Until a few years ago, the idea of an international arms fair in Japan would have struck many as ludicrous. Japanese troops have not fired a weapon in war since the nation’s once-powerful military was defanged by the US occupation in 1945. Japan’s corporate sector has more or less observed a total ban on weapons exports since the 1970s. Universities shun military research.
Yet, in another sign that it is slipping its pacifist moorings, Japan this month played host to the third Maritime Systems and Technologies (Mast) conference on Asian defence. Uniformed officers rubbed shoulders with diplomats and industry leaders from some of the world’s top military contractors. Japan’s leading domestic defence contractors all had their own booths.
Three years ago, Japanese firms debuted at the Paris-based Eurosatory, one of the planet's biggest defence and security industry trade shows. Among the stalls for tanks, drones, helicopters and riot vehicles were 13 Japanese companies, including the country's largest military contractor, Mitsubishi Heavy Industries, along with Kawasaki Steel, Hitachi, Fujitsu, Toshiba and NEC.
The starting gun for these changes was sounded by Japan's prime minister, Shinzo Abe, in 2013. Abe told the United Nations that Japan will "newly bear" the flag of "proactive pacifism", an unintentionally Orwellian-sounding phrase that stands in for a potentially more controversial one: confronting rising China. A year later, Abe ended the four-decade ban on selling weapons and military hardware.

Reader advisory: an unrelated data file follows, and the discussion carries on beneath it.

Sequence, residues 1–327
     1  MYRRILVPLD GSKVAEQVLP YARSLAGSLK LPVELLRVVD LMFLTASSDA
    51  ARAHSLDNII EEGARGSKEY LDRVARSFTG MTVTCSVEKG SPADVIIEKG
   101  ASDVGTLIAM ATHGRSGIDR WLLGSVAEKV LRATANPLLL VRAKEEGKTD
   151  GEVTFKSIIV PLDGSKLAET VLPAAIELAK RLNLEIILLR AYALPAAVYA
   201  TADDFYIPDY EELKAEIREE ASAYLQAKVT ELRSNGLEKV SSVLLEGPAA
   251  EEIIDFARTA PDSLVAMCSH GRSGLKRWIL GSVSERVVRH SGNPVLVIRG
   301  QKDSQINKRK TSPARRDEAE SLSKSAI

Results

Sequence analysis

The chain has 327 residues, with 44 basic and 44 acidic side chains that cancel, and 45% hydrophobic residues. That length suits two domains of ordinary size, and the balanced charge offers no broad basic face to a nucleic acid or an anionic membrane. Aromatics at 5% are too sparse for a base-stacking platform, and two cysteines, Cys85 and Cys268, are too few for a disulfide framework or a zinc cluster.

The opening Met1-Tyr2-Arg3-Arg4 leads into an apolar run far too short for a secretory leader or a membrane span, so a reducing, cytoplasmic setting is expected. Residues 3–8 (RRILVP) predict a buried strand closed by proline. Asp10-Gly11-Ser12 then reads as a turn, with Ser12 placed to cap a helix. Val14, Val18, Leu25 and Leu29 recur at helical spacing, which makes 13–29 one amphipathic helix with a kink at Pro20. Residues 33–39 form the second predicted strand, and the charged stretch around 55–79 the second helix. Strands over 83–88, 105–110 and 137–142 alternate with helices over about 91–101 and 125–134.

In 2015, the government challenged the sanctity of Japan’s post-war pacifism by passing legislation reinterpreting the war-renouncing constitution, written by the Americans. The purpose was to allow Japan’s Self-Defence Forces (SDF) to become a more forceful partner to America. A secondary aim of these policy changes is to increase sales of military equipment abroad, especially in East Asia, where China’s footprint is expanding.
Although rhetorically Abe insists Japan’s door for dialogue with Beijing is open, he increasingly appears to favour a more aggressive approach that hews close to the American line in Asia and builds military and technical alliances to counterbalance China’s rise. “Co-operation in military equipment must be part of Japan’s proactive peace strategies,” he said.
The region around the South China Sea has become a mass of competing claims and potential flashpoints as China's reach grows. Japan has begun discussing sharing military technology and kit with the Philippines, Vietnam and other regional powers. Japan's "high-quality equipment" will contribute to the defence of the region, said Hideaki Watanabe, head of the defence ministry's Acquisition Technology and Logistics Agency.